KETR

Ailsa Chang

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Susan Collins has broken both of her ankles. She broke her left one when she was running in high heels to the Senate chamber because she so desperately refused to miss a vote. The Maine Republican has the second-longest voting streak in the Senate, by the way, after fellow Republican Chuck Grassley of Iowa.

"He has a longer streak, but I'm the only one who's never missed a single vote," said Collins in a recent interview in her office, referring to Grassley missing votes early in his Senate career.

Not that she's keeping track.

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President Trump has made his pick to fill the ninth seat on the Supreme Court.

So now what?

At about 1:30 a.m. on Thursday, Republicans moved one step closer to repealing a law they have railed against since the moment it was passed nearly seven years ago.

By a final vote of 51-48, the Senate approved a budget resolution that sets the stage for broad swaths of the Affordable Care Act to be repealed through a process known as budget reconciliation. The resolution now goes to the House, where leaders are hoping to approve it by the end of the week.

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Much has been said about the physical and psychological injuries of war, like traumatic brain injury or post-traumatic stress disorder. But what we talk about less is how these conditions affect the sexual relationships of service members after they return from combat.

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To no one's surprise, Paul Ryan has been chosen by House Republicans to serve as speaker again. It was a unanimous vote. With expansive support from his caucus, Ryan will breeze through the formal election before the full House in January.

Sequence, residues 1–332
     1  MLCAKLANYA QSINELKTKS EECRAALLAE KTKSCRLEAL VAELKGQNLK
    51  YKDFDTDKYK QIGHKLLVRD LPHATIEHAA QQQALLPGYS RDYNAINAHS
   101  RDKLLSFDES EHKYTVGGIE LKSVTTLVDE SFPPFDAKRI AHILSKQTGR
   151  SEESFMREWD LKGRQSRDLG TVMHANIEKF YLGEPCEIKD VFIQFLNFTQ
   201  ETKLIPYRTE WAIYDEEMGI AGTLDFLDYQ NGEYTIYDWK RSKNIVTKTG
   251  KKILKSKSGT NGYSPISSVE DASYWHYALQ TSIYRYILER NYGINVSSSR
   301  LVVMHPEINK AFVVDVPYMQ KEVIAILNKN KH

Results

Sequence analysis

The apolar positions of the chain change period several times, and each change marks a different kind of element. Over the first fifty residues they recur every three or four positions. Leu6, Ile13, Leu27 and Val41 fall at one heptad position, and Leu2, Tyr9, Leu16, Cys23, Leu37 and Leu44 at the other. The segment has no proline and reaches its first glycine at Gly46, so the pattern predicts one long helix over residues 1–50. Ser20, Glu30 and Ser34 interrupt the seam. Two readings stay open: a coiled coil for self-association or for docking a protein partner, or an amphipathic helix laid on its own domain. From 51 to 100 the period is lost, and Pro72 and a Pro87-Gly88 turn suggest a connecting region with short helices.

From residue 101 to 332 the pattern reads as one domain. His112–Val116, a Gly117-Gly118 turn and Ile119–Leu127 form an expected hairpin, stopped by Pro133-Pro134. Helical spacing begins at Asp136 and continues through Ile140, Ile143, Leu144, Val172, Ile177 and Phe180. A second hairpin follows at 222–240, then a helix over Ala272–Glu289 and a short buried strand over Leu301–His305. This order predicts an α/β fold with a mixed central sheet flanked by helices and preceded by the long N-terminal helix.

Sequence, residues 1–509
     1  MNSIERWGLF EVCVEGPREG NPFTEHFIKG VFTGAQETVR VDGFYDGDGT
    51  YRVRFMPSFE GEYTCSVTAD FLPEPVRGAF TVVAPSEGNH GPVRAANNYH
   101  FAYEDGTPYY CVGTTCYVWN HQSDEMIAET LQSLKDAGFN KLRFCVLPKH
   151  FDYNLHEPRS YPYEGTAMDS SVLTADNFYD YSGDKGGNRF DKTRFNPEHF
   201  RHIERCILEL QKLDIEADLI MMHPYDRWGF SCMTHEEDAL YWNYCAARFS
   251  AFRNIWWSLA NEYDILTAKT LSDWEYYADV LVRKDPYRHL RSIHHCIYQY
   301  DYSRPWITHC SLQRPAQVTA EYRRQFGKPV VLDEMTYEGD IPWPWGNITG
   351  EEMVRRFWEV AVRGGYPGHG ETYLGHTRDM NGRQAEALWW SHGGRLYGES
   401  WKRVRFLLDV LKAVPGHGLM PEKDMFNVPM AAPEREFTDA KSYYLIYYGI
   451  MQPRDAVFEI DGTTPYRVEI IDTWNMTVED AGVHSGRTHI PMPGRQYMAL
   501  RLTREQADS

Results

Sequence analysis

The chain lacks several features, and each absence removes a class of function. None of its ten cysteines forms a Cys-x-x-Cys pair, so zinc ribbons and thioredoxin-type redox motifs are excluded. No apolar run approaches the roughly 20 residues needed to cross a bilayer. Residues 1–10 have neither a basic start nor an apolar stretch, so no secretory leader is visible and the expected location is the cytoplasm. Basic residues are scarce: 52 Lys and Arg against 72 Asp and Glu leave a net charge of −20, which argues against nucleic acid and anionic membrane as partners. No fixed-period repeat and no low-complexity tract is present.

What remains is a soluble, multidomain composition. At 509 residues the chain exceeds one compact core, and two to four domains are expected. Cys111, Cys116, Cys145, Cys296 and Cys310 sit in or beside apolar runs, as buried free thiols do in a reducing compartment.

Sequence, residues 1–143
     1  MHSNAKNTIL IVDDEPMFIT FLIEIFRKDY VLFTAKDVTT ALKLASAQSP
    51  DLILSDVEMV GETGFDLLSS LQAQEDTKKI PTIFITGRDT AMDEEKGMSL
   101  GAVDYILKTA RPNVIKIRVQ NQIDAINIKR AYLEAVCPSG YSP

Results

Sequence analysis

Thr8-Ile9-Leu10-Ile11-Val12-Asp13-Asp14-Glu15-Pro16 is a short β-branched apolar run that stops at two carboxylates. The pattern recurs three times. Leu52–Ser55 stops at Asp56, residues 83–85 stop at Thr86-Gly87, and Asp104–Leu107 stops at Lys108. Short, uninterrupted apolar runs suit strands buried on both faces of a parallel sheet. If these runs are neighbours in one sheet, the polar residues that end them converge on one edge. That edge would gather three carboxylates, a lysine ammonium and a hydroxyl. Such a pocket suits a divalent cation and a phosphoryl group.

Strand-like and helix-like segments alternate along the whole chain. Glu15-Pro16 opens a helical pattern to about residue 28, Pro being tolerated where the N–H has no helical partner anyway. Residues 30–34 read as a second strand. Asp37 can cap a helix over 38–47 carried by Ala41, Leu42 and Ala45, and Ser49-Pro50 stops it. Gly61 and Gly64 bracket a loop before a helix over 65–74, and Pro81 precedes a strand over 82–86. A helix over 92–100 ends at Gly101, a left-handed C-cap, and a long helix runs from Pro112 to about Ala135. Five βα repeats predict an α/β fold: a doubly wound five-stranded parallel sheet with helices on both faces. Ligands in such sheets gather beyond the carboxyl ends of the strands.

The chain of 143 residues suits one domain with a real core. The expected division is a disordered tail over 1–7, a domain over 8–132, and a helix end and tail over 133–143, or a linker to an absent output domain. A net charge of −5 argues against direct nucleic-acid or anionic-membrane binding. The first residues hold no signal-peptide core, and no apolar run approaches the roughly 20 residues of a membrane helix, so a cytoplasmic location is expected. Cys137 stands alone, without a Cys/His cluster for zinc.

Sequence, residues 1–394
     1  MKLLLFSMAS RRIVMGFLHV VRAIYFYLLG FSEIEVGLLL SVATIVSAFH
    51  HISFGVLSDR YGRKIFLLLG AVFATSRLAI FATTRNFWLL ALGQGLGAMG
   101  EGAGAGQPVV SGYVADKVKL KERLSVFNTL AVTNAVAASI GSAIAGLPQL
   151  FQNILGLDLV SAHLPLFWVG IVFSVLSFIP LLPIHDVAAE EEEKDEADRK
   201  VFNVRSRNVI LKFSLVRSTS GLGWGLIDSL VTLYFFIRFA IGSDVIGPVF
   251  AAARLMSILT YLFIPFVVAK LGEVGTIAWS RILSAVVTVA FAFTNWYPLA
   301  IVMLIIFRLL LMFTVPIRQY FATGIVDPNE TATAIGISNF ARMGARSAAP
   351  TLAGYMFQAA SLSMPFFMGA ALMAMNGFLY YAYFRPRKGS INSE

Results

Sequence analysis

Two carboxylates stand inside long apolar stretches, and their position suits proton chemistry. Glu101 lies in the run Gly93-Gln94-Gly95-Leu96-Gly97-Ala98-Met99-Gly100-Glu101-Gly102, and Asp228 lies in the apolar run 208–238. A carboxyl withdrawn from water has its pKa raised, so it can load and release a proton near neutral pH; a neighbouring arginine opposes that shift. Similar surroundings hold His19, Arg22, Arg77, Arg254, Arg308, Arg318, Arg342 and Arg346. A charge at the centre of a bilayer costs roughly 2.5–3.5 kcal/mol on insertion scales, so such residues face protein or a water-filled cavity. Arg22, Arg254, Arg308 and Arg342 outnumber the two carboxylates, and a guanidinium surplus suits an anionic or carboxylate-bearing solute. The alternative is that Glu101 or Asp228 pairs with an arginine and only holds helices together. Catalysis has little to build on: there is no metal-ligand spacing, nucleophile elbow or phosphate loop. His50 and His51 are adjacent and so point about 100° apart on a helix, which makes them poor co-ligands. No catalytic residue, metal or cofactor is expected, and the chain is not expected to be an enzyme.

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Negotiators in the House and Senate have reached a deal on a bill to fund the government through Dec. 9.

Republicans and Democrats have been arguing for weeks to find a way forward before the Sept. 30 deadline in order to avoid a government shutdown.

Last week, negotiations in the Senate appeared to be at a standstill, with Democrats in both chambers insisting that the most recent Republican offer was not enough.

The Senate voted Wednesday to give families of 9/11 victims the right to sue the Saudi Arabian government, overriding President Obama's veto for the first time.

The vote was lopsided, with 97 Senators voting in favor of the override, well above the two-thirds majority needed to overcome the president's objection. Senate Democratic Leader Harry Reid cast the lone "no" vote. Senators Tim Kaine, D-Va. and Bernie Sanders, D-Vt. did not vote.

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A lot has been said about the difficulty Donald Trump has had getting the Republican establishment behind him. But one man has always backed him in the Senate: Republican Jeff Sessions of Alabama.

They're the odd couple of politics: a New York City tycoon and a guy from the deep South. One man is mild-mannered. The other, famous for bold exaggerations.

But Trump and Sessions are linked by their shared hard-line view on one central issue: immigration.

And Sessions too has had a controversial political career.

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